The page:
DITA XML can be daunting, especially for newcomers from authoring environments like MS Word. The fundamentals of good technical writing, however, are embodied in the DITA standard. Once you wrap your head around a few simple concepts, it is not as hard as it first may seem.
You Are Already Writing Structured Content (Without Knowing it)
Every time you write a letter, update your resume, or work on a manual, you employ structures. DITA is no different. When you write a letter, you may start off with an address block, followed by a salutation, then the body of the letter, concluded with a “yours truly.”
Similarly, structures in DITA content follow a familiar pattern: title, an optional short description, perhaps some metadata, and then the body of the content, which is the part your users will read and make use of. There’s more to it than that, but remember DITA was designed with technical writing in mind, and that it is tailored to help you write content for your users.
Topic Types Are Guides to Writing
The three main topic types—concept, task, and reference—have been designed to help technical writers in their craft. Once you understand the fundamentals of how they work, it is easy to fill them with content. Concepts are designed to cover what a feature is or what a feature is about. A task provides a step-by-step set of instructions, telling the user how to accomplish something. A reference provides additional, specific information relating to a product or feature. They help technical writers focus on the needs of the user reading the topic.
Stop Worrying about How Your Content Looks
One of the basic principles of XML is the separation of content from formatting. Back in the days when I used Word or another desktop publishing program, I spent a lot of time on the look-and-feel of my content—time that could have been better spent crafting new content.
I still get nightmares thinking of times back when I was using a desktop publishing program and had to convert the header styles by hand for a multi-hundred-page document, or painstakingly finding each instance of a product feature across a set of documents and updating it to the new marketing term “du jour.” So much of this just goes away when you use DITA XML. It allows the writer to concentrate on what they do best: writing effective content for end users.
The Tools Are Mature
Back in the early days of DITA, it was hard to find software tools fully optimized for use with DITA. The standard has been around long enough that there is a plethora of solid tools available to help the writer wanting to work with DITA. oXygen is a great writing tool. The Author mode makes it easy for those new to DITA to write within the standard, and its Text view is ideal for when you have learned more and want to finesse things at the tag level.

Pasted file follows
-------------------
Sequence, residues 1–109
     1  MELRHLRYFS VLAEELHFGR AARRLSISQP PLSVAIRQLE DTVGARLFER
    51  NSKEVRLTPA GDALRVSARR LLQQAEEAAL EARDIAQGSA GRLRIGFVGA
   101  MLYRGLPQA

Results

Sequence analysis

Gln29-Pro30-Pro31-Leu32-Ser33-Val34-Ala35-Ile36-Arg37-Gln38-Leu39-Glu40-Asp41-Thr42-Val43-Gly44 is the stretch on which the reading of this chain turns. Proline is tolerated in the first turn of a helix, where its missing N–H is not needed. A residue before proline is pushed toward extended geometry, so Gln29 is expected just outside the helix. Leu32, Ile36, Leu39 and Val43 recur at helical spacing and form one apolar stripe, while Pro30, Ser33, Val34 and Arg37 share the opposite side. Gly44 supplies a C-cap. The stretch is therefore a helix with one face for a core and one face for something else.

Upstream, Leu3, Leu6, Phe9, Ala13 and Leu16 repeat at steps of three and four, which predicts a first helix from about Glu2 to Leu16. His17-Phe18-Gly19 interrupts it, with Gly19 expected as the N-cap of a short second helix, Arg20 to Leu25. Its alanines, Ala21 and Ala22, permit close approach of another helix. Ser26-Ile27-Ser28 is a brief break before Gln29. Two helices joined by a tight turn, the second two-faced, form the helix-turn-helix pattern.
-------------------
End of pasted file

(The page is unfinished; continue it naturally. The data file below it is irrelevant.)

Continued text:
The IXIASOFT CCMS provides a great platform for holding all your DITA content. It helps writers with its built-in workflows, lightning-fast search for existing content, and providing a clear visual way for working with DITA content. This only scratches the surface of available features. There are many other tools, such as Acrolinx, RenderX, Antenna House, and Miramo, designed to help with DITA content.
You Are in Good Company
There are many DITA-using technical writers out there, as well as active communities designed to help both new and experienced DITA users. Here are a few resources I would recommend checking out:
LearningDITA.com – This site offers a set of free online courses designed to take you through the basics of DITA at your pace.
dita-user Yahoo Group – This is the place to go if you have any questions about how to implement DITA. Before asking a question, do yourself a favour and search its extensive archives to see whether there is already an answer.
DITA North America Conference – This is the DITA conference, hosted annually by the Center for Information-Development Management. There’s nothing like going to a good conference and picking the brains of other DITA implementors in person.
DITA Europe – This two-day conference brings together colleagues from around the world to discuss topics like adopting DITA, Markdown, XML structures, and incorporating social media strategies.
Don’t be alone! If you need help, just reach out to the DITA community!
Senior DITA Content Strategist at IXIASOFT